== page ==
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Kubrick Lives!

Barney in violation of Geneva Convention

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A couple of weeks ago, "Operation Strangelove" screened Stanley Kubrick's dark 1964 Cold War satire, Dr. Strangelove in various independent theaters around the country. In an apparent encore, Defense Secretary Donald Rumsfeld last week announced that low-yield nuclear weapons might be useful in destroying deadly chemical and biological weapon stocks. He said this as he pressed Congress to lift a 10-year ban on research and development of "small yield" nuclear arms. In addition, the administration proposes to begin design work on a new generation of nuclear "bunker-busters" to destroy caches of prohibited weapons buried deep underground. The Senate voted to lift the ban May 21.

The Bush administration is seeking billions of dollars to essentially rebuild the country's nuclear weapons industry, although Rumsfeld said that they just want to study these weapons, "not to develop, not to deploy, not to use" them. And he also promises to pull out before he climaxes.

Opposing Democrats say this is really the first step in the Bush administration's plan to "demystify" nuclear weapons to the point where they could become an integral part of the US arsenal.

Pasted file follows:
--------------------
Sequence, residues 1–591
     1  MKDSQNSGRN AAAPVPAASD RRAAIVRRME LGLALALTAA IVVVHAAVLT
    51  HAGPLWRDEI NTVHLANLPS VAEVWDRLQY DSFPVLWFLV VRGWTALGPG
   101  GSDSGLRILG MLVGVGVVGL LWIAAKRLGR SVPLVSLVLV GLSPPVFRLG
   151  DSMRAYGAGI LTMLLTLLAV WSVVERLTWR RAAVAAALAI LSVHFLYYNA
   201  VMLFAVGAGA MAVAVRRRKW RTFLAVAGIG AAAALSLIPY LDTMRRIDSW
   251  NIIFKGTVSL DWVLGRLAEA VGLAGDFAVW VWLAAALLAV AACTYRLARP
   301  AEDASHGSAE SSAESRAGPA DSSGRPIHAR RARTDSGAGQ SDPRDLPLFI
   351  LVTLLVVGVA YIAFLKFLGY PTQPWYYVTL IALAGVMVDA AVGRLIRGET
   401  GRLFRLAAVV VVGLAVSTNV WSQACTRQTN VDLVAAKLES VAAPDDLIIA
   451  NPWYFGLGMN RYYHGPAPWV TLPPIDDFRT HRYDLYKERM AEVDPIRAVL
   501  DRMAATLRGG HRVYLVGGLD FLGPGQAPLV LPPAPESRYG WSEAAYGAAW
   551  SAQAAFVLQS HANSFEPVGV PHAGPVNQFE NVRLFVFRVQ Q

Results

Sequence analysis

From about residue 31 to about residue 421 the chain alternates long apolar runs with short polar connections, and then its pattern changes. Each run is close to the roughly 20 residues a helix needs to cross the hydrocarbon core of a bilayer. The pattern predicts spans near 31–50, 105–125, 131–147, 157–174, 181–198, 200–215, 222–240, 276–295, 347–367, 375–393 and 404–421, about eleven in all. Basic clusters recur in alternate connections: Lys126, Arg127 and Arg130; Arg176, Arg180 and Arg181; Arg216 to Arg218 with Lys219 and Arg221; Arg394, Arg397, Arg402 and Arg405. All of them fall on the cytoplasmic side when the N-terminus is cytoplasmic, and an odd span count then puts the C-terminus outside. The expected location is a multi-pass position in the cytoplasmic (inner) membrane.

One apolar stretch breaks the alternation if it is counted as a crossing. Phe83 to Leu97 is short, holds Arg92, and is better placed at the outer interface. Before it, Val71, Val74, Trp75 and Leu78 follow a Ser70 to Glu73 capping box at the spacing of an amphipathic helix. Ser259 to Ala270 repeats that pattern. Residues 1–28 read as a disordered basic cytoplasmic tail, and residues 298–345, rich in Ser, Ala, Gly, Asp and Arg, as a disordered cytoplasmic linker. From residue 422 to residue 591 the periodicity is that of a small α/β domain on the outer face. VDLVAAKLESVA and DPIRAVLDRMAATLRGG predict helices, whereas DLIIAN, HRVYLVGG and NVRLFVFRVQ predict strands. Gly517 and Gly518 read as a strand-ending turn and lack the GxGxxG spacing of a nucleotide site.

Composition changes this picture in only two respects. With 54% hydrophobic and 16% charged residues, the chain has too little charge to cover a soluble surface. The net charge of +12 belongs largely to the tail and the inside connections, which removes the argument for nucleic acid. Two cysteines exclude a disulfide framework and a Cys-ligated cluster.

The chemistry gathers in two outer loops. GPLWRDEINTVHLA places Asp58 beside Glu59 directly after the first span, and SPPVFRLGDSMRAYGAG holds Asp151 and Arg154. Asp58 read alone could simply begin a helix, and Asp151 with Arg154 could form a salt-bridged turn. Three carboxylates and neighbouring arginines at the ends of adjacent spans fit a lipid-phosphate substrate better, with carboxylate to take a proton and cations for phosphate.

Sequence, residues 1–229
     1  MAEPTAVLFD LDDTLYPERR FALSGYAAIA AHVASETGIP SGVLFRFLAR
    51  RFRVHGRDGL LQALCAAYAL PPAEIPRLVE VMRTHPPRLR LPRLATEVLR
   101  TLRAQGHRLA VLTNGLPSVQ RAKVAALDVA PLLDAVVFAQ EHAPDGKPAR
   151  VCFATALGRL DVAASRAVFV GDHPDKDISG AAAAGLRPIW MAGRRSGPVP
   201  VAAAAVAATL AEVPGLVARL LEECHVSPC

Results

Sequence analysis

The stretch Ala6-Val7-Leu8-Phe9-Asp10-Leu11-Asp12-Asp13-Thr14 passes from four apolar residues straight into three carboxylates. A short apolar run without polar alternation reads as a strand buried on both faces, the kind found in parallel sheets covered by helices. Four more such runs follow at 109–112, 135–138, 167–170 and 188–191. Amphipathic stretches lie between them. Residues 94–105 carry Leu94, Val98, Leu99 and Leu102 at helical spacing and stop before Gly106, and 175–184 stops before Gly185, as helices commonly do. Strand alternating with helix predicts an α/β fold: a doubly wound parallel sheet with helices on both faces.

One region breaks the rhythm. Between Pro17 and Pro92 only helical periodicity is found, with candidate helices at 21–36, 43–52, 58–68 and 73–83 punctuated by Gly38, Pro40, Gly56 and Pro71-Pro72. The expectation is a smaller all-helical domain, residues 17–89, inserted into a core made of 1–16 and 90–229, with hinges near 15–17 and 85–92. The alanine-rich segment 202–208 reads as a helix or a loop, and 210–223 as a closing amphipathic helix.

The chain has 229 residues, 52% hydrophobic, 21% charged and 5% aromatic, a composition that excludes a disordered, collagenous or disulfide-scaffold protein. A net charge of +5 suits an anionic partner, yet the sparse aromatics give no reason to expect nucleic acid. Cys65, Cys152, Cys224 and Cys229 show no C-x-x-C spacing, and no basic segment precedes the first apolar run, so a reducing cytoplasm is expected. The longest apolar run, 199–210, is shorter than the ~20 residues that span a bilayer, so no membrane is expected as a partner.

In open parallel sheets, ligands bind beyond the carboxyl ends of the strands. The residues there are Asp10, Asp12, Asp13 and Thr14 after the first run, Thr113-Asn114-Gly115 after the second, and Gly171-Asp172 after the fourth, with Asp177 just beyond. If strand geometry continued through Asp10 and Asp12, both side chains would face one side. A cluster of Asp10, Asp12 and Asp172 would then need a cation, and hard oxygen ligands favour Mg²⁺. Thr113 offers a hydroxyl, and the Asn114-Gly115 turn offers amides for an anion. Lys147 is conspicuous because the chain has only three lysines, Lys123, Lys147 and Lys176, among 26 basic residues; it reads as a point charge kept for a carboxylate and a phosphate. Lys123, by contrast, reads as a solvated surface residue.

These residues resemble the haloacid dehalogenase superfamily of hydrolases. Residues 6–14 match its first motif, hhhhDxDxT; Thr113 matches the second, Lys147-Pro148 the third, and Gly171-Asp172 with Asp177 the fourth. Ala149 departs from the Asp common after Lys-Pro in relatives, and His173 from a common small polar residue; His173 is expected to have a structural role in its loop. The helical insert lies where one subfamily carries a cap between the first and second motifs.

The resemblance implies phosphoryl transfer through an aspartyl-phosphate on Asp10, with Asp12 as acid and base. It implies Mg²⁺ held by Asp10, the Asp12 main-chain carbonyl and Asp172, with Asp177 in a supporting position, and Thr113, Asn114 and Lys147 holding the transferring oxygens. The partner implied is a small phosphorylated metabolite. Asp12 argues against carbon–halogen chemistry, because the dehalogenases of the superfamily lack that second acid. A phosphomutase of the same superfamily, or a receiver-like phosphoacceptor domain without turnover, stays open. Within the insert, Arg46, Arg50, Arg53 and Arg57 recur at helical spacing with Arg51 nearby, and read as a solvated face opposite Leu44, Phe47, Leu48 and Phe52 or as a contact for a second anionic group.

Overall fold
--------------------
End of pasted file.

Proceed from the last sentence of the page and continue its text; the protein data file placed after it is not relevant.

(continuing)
Keith Payne is the Pentagon's top civilian official for "forces policy" management. Before coming to the Pentagon as part of Dubya's administration, he co-wrote a 1980 article in Foreign Policy called "Victory Is Possible," which included, "Nuclear war can have a wide range of possible outcomes. Many commentators and senior US government officials consider it a non-survivable event. The popularity of this view in Washington has such a pervasive and malign (sic) effect upon American defense planning that it is rapidly becoming a self-fulfilling prophecy for the United States."

You might recall Gen. Buck Turgidson, the George C. Scott character in Dr. Strangelove, who lobbied the President that a nuclear war, despite a "few casualties" was in fact winnable, "I'm not saying we won't get our hair mussed up, but 10-20 million tops -- depending on the breaks."

Folks, you might want to start stocking up on grain alcohol and rainwater.

According to BBC Online, US interrogators in Iraq are getting tough with uncooperative prisoners by exposing them to prolonged periods of heavy metal music at high volume as well as music from Sesame Street and Barney in the hope of making them talk. The aim is to break prisoners' resistance through sleep deprivation and having to listen to music they find culturally offensive.Human rights organization Amnesty International has said such tactics might constitute torture, putting coalition forces in breach of the Geneva Convention. Amnesty International also announced that, in response to other complaints of people being forced to listen to the same culturally annoying music over and over and over and over and over again, they are launching an investigation to determine whether Clear Channel-owned radio stations are also in violation of the Geneva Convention.

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